Affordable Access

Tamoxifen as primary treatment of breast cancer in elderly or frail patients: a practical management.

Publication Date
  • Research Article
  • Biology
  • Medicine


Microsoft Word - 262.00.docx Lymphedema: What Every Woman With Breast Cancer Should Know Hand and Arm Care After Surgery or Radiation Therapy for Breast Cancer What is lymphedema? During surgery for breast cancer, the doctor might remove one or more lymph (limf) nodes from the underarm area to see if the cancer has spread. When lymph nodes are removed, lymph vessels that carry fluid from the arm to the rest of the body are also removed because they route through and are wrapped around the nodes. Removing lymph nodes and vessels changes the flow of lymph fluid in that side of the upper body. This makes it harder for fluid in the chest, breast, and arm to flow out of these areas. If the remaining lymph vessels cannot drain enough fluid from these areas, the excess fluid builds up and causes swelling, or lymphedema (limf-uh-dee-muh). Radiation treatment to the lymph nodes in the underarm can affect lymph fluid flow in the arm, chest, and breast area by causing scarring and damage, further increasing the risk of lymphedema. Lymphedema is a build-up of lymph fluid in the fatty tissues just under your skin. It usually develops slowly over time. The swelling can range from mild to severe. It can start soon after surgery or radiation treatment. But it can also begin months or even many years later. Women who have many lymph nodes removed and women who have had radiation therapy for breast cancer have a higher risk of getting lymphedema. Doctors still do not fully understand why some patients are more likely to have problems with fluid build-up than others. It’s expected that in the future fewer women will develop lymphedema because: • Breast surgery and treatment keep getting more conservative (that is, more women are treated with breast-conserving surgery, which removes the cancer and a small amount of healthy tissue around it, rather than mastectomy, which removes the entire breast and more lymph nodes). • Research advances have led to methods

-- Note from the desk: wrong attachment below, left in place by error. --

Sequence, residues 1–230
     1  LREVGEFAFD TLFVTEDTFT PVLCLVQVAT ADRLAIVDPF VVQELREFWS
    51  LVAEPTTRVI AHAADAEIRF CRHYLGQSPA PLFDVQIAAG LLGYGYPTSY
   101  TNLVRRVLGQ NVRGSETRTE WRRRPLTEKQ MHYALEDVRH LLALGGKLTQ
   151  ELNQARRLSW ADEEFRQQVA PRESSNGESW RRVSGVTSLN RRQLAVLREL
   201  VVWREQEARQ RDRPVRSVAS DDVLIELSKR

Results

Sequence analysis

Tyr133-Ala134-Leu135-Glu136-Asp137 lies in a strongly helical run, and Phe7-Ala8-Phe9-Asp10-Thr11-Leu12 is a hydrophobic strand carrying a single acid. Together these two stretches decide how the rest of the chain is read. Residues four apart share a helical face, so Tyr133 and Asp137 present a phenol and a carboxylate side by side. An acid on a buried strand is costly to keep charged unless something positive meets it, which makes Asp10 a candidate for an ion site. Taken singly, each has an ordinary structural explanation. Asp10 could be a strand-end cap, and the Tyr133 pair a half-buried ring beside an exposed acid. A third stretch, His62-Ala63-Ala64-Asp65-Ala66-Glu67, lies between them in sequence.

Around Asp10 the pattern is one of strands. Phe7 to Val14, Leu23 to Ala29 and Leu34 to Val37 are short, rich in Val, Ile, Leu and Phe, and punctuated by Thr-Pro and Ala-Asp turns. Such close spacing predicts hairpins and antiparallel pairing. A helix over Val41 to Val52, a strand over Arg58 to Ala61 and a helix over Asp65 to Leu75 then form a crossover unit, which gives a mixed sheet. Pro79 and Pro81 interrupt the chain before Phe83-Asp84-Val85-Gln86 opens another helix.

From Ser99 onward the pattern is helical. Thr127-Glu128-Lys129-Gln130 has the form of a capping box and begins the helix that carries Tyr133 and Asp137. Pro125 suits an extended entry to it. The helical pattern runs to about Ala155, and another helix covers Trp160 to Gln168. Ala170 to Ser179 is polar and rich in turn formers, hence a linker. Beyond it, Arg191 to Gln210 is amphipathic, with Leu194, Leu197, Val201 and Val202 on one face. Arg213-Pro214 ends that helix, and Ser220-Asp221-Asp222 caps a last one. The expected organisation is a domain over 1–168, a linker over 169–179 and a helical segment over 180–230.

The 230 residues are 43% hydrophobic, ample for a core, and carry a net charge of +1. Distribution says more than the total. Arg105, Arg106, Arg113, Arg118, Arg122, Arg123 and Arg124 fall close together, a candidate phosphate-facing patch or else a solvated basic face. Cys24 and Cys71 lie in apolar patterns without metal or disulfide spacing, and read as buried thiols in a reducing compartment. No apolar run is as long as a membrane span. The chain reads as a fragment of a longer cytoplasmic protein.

There are no comments yet on this publication. Be the first to share your thoughts.